Sally Beauman's Rebecca's Tale
is an ambitious sequel to Daphne du Maurier's much-loved Rebecca
, a classic tale of love and death. Beauman dares to tell the story of the enigmatic first mistress of Manderley, and not only proves herself a brave woman, but a storyteller of exceptional style and skill. Written as a "companion" rather than a sequel, the author succeeds in breathing life into the long-dead bones of the magnificent Rebecca and has furnished us with an alternative version of the events that would ultimately lead to her tragic death and the destruction of her beloved home.
The book opens on April 12, 1951, the 20th anniversary of Rebecca's death. "Last night I dreamt I went to Manderley again", writes Colonel Julyan, an old family friend of the de Winters. As old age and ill health threaten to overtake him, 20 years of doubt about the true cause of Rebecca's death are sharply reawakened with the arrival of an anonymous parcel containing a small black notebook entitled Rebecca's Tale. Meanwhile, a mysterious stranger, recently arrived in the locality, appears equally determined to find answers to the string of inconsistencies raised by Rebecca's life and death. The Colonel and his dutiful daughter Ellie are both drawn to the handsome, intelligent Terence Grey but both are wary and wonder if he really is what he appears to be.
As the plot twists and turns, the revelations are both shocking and inevitable. Favourite characters--spooky Mrs Danvers and Jack Favell, Rebecca's reckless cousin-drift in and out. This is a big book (495 pages), yet, once begun, most will find it difficult to put down-just as well for there are so many complexities it doesn't do to take your time. Ultimately, Rebecca's Tale offers its own version of events, yet for du Maurier fans, it is reassuring in that it raises many more. And, cleverly, Beauman has added her own, somehow more relevant sub-plot. Perhaps the "truth" about Rebecca's life is only as important as the legacy she left those whose lives she touched. What they choose to do with it, and how they choose to live their lives, is the central issue here. This novel will appeal to anyone who has ever read Rebecca and, thanks to her finely woven plot and subtle undercurrents of hope and inspiration, it will appeal just as much to those who have not. --Carey Green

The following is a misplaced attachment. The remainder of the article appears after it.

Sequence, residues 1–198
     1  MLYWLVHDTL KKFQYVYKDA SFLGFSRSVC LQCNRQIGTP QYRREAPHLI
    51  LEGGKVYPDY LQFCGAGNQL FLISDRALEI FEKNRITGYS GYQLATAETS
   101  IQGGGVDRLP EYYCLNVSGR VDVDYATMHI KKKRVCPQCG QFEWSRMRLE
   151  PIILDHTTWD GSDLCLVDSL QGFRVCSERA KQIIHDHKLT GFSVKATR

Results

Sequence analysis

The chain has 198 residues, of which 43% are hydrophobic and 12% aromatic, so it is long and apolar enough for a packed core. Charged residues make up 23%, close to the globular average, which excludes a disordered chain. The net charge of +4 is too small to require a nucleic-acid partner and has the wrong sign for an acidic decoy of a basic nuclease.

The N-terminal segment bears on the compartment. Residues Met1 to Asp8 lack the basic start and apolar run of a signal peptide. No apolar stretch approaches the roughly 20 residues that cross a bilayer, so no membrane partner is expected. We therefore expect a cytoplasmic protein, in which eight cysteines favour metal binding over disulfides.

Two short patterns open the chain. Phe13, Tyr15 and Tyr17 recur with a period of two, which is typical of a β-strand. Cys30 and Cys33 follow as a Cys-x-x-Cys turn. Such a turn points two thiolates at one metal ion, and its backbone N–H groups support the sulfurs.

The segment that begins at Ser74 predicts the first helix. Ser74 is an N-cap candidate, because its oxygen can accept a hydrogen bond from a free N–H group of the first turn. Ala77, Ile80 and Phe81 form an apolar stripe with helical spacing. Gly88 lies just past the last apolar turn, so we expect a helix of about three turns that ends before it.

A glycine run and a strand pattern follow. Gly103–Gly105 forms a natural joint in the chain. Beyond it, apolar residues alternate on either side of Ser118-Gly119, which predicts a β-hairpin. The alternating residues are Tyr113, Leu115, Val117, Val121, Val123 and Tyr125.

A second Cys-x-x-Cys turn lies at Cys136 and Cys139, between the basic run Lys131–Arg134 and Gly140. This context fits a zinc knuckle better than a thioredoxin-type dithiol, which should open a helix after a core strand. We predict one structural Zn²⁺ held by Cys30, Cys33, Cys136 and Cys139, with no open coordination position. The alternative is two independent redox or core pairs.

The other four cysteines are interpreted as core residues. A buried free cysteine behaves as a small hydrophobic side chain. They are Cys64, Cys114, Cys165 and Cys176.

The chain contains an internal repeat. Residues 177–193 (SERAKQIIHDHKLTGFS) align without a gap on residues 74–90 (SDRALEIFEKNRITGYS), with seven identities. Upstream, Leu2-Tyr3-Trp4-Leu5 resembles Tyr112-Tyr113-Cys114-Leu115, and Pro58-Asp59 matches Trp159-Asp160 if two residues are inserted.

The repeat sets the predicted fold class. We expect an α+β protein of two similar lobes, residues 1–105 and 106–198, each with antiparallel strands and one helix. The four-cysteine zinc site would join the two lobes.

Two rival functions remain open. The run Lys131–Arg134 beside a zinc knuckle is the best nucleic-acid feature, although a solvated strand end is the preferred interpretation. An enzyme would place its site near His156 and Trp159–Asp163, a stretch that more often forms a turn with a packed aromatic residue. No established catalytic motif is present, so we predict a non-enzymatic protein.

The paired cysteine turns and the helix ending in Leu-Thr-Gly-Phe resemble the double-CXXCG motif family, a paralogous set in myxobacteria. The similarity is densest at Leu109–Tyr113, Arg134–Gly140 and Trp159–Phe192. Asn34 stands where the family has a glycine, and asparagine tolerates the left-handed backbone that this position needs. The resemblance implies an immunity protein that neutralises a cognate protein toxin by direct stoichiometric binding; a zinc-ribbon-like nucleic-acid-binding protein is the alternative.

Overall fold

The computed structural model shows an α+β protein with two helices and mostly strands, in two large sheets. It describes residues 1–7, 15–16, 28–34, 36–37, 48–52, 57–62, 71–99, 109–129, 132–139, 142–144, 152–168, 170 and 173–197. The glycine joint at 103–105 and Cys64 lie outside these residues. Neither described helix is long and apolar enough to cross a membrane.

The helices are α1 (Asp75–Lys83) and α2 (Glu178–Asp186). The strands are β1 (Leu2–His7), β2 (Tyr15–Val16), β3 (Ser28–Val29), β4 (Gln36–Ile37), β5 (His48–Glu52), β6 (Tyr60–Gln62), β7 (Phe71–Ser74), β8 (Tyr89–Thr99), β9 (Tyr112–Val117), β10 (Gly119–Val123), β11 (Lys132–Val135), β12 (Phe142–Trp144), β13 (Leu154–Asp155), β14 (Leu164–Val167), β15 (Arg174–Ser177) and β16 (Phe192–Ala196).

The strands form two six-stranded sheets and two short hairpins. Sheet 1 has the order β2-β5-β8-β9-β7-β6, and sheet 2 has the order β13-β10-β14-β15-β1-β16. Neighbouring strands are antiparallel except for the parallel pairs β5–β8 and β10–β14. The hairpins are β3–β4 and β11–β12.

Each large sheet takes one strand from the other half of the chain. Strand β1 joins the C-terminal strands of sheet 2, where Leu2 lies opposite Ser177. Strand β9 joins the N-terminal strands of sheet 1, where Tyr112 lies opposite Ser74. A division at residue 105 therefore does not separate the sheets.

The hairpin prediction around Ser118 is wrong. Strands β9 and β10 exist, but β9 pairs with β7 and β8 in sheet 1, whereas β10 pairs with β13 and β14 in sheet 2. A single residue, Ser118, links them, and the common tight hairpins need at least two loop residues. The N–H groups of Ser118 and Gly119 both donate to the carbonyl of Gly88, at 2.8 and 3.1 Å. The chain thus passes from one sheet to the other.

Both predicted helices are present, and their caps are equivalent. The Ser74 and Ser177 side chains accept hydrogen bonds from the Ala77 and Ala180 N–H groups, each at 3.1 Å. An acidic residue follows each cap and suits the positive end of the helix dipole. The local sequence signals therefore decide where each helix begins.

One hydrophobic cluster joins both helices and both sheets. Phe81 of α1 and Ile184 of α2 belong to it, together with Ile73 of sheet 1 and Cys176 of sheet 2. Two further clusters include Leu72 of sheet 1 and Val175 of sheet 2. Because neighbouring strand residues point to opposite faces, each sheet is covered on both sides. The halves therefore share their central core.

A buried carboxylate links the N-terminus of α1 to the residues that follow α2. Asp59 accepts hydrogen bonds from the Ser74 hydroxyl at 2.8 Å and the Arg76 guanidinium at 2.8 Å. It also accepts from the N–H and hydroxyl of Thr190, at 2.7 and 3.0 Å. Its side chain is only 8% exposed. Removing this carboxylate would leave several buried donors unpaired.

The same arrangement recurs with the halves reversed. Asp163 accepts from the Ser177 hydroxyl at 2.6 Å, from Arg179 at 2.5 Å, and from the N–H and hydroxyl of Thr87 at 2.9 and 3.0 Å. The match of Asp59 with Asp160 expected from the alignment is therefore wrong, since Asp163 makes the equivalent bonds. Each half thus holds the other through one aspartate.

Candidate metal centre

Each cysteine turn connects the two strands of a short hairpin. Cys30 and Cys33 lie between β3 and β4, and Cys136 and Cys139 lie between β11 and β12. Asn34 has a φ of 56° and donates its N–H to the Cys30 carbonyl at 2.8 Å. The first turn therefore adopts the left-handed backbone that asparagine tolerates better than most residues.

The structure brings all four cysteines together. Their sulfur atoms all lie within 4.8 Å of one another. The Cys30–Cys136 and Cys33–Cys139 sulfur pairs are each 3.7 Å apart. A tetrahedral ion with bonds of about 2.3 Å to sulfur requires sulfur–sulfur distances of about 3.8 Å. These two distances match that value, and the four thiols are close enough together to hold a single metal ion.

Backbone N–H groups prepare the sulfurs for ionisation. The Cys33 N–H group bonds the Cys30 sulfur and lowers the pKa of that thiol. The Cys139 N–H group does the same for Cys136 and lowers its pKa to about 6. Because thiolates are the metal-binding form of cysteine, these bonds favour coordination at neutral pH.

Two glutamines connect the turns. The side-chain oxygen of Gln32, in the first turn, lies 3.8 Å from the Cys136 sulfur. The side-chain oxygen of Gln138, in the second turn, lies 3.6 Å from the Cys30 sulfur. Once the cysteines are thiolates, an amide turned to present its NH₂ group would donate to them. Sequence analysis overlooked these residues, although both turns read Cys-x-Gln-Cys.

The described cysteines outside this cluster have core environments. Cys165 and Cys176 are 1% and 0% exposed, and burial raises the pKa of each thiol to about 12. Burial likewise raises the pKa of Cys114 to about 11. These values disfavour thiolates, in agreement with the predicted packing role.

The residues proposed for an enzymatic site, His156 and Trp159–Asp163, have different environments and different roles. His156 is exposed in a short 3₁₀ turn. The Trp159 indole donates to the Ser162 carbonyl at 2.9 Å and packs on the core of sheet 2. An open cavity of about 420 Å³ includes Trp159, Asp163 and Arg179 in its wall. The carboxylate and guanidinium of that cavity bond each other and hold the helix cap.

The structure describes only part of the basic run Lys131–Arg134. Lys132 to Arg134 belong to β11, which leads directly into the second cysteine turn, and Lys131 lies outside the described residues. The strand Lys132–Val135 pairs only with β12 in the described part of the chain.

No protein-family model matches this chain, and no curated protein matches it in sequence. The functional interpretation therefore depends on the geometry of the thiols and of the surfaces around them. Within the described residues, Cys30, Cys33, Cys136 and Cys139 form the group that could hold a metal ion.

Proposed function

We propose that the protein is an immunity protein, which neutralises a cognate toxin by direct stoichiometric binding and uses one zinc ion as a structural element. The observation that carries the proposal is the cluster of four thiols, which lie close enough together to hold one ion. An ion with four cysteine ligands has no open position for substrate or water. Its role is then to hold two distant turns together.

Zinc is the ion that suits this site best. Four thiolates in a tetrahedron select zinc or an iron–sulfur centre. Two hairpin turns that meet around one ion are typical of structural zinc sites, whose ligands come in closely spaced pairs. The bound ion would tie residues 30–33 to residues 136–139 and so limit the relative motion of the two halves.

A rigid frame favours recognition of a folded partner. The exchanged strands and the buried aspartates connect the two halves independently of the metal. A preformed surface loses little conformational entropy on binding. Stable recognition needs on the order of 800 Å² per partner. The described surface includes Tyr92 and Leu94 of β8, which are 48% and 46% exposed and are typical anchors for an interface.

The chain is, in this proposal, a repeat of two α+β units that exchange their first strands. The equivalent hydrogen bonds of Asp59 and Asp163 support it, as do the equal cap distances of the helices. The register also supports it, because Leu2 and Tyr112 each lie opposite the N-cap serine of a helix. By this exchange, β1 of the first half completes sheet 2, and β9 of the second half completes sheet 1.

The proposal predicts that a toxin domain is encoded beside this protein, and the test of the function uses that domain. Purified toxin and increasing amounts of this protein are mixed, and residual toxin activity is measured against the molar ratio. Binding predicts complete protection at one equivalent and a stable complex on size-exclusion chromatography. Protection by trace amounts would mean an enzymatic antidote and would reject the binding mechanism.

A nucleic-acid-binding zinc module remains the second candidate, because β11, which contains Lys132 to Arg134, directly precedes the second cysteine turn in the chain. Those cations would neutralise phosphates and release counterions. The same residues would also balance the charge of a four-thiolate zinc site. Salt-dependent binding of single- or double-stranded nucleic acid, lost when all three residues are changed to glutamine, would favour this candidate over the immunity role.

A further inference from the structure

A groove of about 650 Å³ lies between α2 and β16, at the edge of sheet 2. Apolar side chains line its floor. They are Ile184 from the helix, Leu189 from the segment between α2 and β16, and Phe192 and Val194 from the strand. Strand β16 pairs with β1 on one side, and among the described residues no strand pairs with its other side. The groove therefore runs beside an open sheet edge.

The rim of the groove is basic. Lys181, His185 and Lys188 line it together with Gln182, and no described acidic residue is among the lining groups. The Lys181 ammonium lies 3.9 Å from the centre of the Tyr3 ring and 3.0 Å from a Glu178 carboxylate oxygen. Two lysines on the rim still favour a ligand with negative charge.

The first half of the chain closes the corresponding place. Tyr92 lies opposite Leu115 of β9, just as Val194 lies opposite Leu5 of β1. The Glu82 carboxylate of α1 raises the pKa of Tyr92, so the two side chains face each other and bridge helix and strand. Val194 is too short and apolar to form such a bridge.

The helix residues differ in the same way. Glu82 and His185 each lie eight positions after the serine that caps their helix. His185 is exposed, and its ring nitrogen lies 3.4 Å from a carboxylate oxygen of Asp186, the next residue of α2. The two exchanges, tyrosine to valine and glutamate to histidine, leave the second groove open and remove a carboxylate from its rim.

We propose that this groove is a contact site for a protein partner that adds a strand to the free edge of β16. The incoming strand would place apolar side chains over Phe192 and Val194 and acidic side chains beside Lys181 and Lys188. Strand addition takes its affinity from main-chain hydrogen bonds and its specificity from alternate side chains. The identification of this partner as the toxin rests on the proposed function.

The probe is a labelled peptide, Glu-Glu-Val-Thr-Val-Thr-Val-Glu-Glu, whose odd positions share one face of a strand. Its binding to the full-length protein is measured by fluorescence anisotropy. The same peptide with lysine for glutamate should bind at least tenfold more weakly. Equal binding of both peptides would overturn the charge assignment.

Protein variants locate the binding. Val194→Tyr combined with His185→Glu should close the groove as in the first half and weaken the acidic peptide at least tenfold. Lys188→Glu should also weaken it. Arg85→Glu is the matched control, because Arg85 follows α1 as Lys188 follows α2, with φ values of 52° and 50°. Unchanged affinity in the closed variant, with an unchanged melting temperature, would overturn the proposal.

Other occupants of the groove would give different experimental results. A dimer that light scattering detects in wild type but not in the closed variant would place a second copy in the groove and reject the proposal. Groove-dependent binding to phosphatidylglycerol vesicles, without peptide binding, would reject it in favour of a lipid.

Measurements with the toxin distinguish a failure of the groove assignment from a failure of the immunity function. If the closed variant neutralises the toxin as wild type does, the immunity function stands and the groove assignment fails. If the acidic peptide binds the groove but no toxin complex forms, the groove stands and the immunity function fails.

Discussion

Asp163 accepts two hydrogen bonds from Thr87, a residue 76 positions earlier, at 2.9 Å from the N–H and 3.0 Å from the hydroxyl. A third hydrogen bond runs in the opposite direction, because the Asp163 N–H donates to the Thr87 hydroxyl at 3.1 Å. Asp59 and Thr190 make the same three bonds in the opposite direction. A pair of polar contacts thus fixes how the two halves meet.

--This text refers to an out of print or unavailable edition of this title.
The artful Sally Beauman plays extremely clever games with the staples of popular fiction, moving the pieces to make original and intriguing patterns . . . A hugely entertaining read, seriously romantic and with a terrific sense of atmosphere. Sally Beauman's control of her complex material is absolute (Kate Saunders, DAILY EXPRESS
Compelling, absorbing, captivating, haunting- Sally Beauman's most ambitious and imaginative book so far (Elaine Showalter
REBECCA'S TALE is bold and clever...In this evocative and compulsive reworking of the balance of power between the sexes, Sally Beauman steers her creation into feminist territory and succeeds in overturning our loyalties. (Elizabeth Buchan, THE TIMES
Once you start reading a Beauman book, you can't put it down, as Rebecca's Tale attests...I felt satisfied that she had done an extraordinary thing; she convinced me that the Rebecca of these assorted memories really was the Rebecce that du Maurier's novel (Linda Grant, GUARDIAN